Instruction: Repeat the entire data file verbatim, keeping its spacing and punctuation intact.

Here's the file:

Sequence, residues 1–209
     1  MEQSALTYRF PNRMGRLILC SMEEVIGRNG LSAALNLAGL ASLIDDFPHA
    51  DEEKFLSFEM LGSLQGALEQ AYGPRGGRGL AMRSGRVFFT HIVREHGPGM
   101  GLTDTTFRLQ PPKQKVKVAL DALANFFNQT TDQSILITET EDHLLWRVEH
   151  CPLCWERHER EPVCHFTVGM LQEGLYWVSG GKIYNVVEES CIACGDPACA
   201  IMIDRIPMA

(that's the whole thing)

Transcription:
Sequence, residues 1–209
     1  MEQSALTYRF PNRMGRLILC SMEEVIGRNG LSAALNLAGL ASLIDDFPHA
    51  DEEKFLSFEM LGSLQGALEQ AYGPRGGRGL AMRSGRVFFT HIVREHGPGM
   101  GLTDTTFRLQ PPKQKVKVAL DALANFFNQT TDQSILITET EDHLLWRVEH
   151  CPLCWERHER EPVCHFTVGM LQEGLYWVSG GKIYNVVEES CIACGDPACA
   201  IMIDRIPMA